Last year's most devastating tropical system -- Hurricane Irene -- was considered by some experts to be a "100-year-event," a storm that comes around only once a century.
Irene lashed the East Coast in August, killing at least 45 people and leading to $7.6 billion in damages.
But a study out this week in Nature Climate Change says that due to global warming, these monster storms could make landfall more frequently, causing destructive storm surges every 3 to 20 years instead of once a century.
The lead author of the study was Ning Lin of the Massachusetts Institute of Technology, who partnered with scientists at Princeton University to undertake the research.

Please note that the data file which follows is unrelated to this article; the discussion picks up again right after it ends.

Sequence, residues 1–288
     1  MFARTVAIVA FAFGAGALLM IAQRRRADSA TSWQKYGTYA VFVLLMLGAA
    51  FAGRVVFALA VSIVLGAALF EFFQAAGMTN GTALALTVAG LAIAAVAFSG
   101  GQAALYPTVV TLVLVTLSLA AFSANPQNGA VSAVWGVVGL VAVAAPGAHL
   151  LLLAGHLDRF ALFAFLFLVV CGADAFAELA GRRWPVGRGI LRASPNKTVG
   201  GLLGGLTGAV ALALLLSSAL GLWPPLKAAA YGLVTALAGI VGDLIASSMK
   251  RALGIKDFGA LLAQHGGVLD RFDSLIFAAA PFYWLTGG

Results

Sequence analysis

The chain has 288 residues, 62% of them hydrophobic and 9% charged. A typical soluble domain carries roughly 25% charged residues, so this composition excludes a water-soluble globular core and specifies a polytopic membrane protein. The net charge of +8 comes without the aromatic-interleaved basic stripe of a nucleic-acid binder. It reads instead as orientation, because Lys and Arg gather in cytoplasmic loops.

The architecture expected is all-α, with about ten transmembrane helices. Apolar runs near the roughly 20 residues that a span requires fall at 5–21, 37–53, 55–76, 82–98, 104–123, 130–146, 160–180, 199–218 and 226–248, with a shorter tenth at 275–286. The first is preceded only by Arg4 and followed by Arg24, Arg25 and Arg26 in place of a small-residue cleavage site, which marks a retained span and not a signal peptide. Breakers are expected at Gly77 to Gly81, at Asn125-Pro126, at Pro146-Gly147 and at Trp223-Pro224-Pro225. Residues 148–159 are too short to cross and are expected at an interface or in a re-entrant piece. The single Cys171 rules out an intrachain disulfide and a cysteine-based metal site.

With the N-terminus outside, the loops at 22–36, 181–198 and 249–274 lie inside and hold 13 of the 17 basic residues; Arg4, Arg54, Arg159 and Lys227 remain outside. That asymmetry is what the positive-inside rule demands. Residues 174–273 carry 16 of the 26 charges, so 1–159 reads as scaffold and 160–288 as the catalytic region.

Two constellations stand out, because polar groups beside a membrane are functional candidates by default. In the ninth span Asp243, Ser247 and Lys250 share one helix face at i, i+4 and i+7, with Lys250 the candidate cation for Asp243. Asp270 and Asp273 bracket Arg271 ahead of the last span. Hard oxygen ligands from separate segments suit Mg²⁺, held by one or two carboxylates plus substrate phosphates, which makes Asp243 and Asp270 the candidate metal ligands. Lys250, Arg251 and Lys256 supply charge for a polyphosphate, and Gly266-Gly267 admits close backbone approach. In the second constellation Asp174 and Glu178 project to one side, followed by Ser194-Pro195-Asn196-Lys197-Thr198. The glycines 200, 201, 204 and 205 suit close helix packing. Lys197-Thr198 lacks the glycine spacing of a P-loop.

Lin and her colleagues used computer models to simulate future hurricanes, looking at the impact of climate change on storm surges, with New York City as a case study. The team simulated tens of thousands of storms under different climate conditions.
Today, a "100-year storm" has a surge flood of about two meters, on average, in New York City. But with added greenhouse gas emissions due to the burning of fossil fuels, the computer models found that a two-meter surge flood would instead occur once every three to 20 years.
Lin says that knowing the frequency of storm surges may help urban and coastal planners design seawalls and other protective structures.
While the number of hurricanes globally may or may not increase due to global warming, some scientists say that the ones that do form could be more intense than they would be otherwise.